(RFE/RL) -- Aleksandr Bragin was arrested on December 29 by officers from the Russian Interior Ministry's department for combating terrorism and extremism.
His offense: publishing an article about the effects of the country's sharp economic downturn on Ulyanovsk, a Volga city some 900 kilometers east of Moscow.
Bragin's article was posted on December 29 on the website of the Russian Popular Democratic Union, an opposition party led by former Prime Minister Mikhail Kasyanov, whose regional Ulyanovsk branch is headed by Bragin.
Yelena Dikun, a Kasyanov aide, told RFE/RL's Russian Service that law enforcement agencies are accusing Bragin of tarnishing the region's image.
"Bragin published an article on the party's website about the socioeconomic situation in Ulyanovsk during the crisis," Dikun said.
"The department for combating terrorism and extremism is now demanding that the article be taken down from the website, claiming that Bragin is harming the region's image."
Dikun added that the party had no intention of heeding the police's demands.
"There is no slander in this article. There are only facts about the unemployment rate in the region, about the nonpayment of wages, about the growing prices," she said.
"This information has not been refuted. Of course, nobody is going to take this article down from the party website. We feel deeply indignant that if someone tells the truth, he is immediately detained."Kremlin Watches Ruble Nervously
Bragin's arrests highlights growing nervousness among officials about the country's deepening economic woes.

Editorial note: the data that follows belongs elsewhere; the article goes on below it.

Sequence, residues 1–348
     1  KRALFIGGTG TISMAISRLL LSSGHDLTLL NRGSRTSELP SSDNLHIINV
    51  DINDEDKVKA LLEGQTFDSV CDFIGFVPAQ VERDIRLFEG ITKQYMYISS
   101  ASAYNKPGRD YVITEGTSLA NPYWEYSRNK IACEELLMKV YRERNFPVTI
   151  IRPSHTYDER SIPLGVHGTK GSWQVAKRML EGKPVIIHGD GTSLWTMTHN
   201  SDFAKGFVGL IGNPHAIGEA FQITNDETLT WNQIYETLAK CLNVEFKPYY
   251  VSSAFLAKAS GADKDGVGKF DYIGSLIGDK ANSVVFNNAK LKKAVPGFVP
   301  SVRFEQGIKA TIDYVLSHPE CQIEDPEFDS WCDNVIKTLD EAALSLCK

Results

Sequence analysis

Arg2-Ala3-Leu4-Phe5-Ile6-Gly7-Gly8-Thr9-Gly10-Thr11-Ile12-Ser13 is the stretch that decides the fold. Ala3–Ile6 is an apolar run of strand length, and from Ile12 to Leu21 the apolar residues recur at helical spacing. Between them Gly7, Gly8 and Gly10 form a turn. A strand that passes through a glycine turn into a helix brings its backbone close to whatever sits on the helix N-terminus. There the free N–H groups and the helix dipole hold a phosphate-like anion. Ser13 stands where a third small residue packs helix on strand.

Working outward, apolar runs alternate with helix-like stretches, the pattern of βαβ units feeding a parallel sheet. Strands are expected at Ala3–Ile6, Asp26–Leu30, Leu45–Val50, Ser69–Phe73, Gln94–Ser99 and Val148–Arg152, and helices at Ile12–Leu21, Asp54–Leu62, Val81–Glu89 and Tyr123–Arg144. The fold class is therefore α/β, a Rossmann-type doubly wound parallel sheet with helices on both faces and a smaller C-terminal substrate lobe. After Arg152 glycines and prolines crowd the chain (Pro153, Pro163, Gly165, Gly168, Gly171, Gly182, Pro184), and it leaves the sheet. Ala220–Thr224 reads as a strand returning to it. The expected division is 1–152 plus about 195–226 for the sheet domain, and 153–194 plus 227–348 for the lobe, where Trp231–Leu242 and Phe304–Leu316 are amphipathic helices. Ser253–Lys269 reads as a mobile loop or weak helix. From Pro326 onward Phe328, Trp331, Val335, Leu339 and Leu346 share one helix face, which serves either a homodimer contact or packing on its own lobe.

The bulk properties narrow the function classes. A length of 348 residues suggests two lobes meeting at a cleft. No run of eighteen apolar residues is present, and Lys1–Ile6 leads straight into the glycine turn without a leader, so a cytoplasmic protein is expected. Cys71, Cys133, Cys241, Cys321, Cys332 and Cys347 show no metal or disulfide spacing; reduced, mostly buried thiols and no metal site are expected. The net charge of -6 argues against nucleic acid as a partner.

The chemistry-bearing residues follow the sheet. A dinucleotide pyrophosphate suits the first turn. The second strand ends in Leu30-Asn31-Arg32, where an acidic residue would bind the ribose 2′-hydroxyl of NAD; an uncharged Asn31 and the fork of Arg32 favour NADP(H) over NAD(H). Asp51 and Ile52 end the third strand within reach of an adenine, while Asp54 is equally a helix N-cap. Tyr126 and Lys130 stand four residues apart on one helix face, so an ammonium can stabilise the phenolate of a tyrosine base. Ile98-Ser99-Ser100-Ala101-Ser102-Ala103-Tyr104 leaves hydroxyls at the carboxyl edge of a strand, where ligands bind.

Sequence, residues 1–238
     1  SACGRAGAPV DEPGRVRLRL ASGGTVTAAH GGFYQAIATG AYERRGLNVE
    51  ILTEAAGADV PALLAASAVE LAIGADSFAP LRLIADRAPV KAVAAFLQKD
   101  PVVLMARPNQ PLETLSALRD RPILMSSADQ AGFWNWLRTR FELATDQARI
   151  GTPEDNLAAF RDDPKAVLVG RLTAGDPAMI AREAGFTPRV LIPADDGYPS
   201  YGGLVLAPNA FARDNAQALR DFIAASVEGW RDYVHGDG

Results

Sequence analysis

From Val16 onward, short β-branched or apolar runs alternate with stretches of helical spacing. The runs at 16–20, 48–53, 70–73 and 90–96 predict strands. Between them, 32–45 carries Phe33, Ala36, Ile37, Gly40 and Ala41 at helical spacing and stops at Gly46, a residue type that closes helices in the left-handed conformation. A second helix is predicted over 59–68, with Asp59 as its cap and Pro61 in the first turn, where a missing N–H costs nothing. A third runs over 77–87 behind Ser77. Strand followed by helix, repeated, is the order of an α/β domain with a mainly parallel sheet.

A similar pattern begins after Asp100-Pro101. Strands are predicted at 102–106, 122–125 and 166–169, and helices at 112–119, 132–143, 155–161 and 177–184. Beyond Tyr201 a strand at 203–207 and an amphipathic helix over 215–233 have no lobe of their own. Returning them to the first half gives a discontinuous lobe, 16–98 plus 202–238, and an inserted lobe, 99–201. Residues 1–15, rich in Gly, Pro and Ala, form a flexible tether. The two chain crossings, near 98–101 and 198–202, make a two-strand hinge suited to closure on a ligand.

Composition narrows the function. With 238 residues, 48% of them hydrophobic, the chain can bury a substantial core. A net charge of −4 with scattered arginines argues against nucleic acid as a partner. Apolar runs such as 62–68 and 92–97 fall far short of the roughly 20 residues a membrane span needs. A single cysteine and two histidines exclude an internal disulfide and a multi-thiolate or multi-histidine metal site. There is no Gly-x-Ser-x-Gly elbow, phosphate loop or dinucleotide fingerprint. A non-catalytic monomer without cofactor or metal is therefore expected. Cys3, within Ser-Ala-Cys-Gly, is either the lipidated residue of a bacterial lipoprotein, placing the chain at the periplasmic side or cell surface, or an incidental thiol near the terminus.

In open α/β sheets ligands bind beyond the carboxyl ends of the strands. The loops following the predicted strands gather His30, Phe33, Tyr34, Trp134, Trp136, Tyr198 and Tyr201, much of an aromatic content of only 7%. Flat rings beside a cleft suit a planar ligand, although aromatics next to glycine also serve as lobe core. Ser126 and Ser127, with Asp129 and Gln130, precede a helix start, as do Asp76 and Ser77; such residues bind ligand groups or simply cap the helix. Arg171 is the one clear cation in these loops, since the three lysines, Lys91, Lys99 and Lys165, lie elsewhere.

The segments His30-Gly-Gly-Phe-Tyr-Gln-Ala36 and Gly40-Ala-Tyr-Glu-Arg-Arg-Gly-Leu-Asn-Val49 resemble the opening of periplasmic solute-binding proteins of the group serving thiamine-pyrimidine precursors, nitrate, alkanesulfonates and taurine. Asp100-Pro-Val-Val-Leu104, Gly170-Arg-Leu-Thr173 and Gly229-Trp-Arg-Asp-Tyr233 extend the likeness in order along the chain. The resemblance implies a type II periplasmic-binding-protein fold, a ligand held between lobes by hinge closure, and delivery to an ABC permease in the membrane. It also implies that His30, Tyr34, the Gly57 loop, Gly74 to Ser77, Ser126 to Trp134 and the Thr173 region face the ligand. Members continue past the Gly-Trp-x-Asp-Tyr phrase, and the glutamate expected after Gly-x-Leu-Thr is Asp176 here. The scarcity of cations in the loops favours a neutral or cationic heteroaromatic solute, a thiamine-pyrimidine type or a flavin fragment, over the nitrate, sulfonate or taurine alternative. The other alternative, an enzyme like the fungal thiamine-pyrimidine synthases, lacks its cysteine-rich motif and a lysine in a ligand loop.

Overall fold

The Russian ruble has lost around 20 percent of its value since August amid a plunge in oil prices and the global financial turmoil.
On December 29, it hit an all-time low against the euro and reached its weakest level against the dollar since 2004. The fall was the ninth time the central bank allowed the ruble to devaluate this month.
December saw the first protest rallies linked to the crisis, and some officials have voiced disagreement on the government's anticrisis measures. And as public discontent grows, the Kremlin is showing signs of uneasiness.
At the year's final cabinet meeting in Moscow on December 29, President Dmitry Medvedev called for government unity.
"We can have different points of view on various problems," he said. "But at a time of global challenges it is important to maintain the unity of the government."
Prime Minister Vladimir Putin also urged team spirit and sought to play down the country's financial troubles.
"Work in difficult conditions shouldn't cause stagnation or distress or pessimism, but it should raise the adrenaline in one's blood," Putin said. "It is a challenge and an opportunity to realize oneself, to prove one's abilities, efficiency, and professional qualities."
Putin also told journalists not to fan public concern about the country's sharp economic downturn.
"Don't ratchet up fears or hysteria, there are no grounds for them," he told reporters after the cabinet meeting.
Sociologists say rising unemployment and a fall in real disposable income have hit the Russian population hard, and have a real potential for social unrest.
According to Health and Social Development Minister Tatyana Golikova, the number of Russians officially registered as unemployed could reach 2.2 million people next year.
This represents a 69 percent increase from the 1.3 million officially registered as unemployed in November.RFE/RL's Russian Service contributed to this report
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